There’s a reason why the Houston Astros are 0-4 in extra inning games this year. These are the games in which good managers make the right decisions to win and the others like Brad Mills end up 0-4.
KWICKIES…Although Andy Pettitte claims that he was very comfortable returning to the New York Yankees’ starting pitching rotation, it appears he has “mis-remembered” how to win at Yankee Stadium as he was cuffed for a pair of two-run home runs by the punchless Seattle Mariners, who made the southpaw’s debut after a year’s layoff one he really will remember as the Bronx Bombers lost 6-2. After Pettitte told a Federal grand jury he remembered teammate Roger Clemens taking HGH growth hormones, Clemens accused him of “mis-remembering” the incident.
The second leg of horse racing’s Triple Crown—the Preakness– is set to run Saturday at Pimlico in Baltimore. I still like Bodemeister in this classic race but wouldn’t be unhappy if I’ll Have Another can come up with another winning performance.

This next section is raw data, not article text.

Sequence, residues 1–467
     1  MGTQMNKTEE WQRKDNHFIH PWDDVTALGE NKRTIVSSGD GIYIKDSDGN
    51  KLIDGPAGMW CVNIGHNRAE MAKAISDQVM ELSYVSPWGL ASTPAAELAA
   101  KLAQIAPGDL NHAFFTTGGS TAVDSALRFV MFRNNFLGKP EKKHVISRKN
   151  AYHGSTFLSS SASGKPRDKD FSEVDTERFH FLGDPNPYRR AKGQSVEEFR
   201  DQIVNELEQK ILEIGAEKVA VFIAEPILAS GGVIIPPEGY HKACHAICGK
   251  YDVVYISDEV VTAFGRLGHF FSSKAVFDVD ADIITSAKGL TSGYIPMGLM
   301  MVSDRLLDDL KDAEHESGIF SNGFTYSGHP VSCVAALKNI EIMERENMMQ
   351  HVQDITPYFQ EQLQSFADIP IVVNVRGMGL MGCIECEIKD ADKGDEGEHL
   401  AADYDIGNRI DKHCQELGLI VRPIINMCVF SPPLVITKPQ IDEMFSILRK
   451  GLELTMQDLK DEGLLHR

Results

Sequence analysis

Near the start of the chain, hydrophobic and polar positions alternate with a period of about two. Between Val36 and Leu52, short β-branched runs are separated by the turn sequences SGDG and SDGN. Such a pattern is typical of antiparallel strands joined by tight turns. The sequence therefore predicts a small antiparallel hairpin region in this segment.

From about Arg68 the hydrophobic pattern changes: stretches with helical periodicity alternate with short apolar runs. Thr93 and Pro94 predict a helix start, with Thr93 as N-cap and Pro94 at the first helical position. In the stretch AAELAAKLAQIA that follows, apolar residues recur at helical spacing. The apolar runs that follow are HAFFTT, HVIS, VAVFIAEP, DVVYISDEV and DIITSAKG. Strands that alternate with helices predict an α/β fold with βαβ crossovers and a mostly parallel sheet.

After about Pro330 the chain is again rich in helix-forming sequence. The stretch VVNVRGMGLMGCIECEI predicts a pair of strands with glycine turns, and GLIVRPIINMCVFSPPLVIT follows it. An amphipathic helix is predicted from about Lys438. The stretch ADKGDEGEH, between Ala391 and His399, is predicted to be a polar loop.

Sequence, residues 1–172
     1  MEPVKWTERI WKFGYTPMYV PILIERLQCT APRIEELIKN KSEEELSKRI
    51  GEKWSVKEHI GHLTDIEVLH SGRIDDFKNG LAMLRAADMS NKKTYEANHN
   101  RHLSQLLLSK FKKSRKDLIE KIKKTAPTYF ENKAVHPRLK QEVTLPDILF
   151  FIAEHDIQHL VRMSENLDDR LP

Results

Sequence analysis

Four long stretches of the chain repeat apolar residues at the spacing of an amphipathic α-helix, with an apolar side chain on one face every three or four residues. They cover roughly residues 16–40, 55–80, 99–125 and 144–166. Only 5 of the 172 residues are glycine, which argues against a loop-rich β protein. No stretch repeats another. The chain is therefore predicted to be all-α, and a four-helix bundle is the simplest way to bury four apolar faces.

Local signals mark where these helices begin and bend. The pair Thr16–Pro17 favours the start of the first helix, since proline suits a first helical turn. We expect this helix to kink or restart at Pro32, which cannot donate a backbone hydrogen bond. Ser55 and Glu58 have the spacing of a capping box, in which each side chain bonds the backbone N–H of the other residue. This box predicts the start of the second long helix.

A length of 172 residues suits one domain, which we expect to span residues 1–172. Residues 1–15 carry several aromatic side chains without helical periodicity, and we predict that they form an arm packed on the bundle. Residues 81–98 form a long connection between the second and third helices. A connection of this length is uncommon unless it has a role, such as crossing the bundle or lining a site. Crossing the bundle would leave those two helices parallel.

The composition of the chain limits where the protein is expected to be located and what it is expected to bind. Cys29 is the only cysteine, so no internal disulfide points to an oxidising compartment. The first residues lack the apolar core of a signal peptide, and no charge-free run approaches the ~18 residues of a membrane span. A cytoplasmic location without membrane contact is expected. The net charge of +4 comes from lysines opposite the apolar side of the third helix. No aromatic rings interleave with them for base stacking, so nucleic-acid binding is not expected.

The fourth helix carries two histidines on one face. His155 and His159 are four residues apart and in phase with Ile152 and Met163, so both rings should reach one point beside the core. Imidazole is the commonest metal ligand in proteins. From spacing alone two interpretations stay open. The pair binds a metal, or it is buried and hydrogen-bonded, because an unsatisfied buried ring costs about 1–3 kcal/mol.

“A person in a position to really know” claims in Sunday’s Houston Chronicle that football star Junior Seau committed suicide because he was flat broke after being out of the NFL for only three seasons. The article also pointed out that during his long career Seau must have banked paychecks totaling more than $75 million.
Steve Blass, the star pitcher for the Pittsburgh Pirates when they won the 1971 World Series, is probably only one of a handful of golfing enthusiasts who recorded two holes-in-one during a single 18-hole round of golf.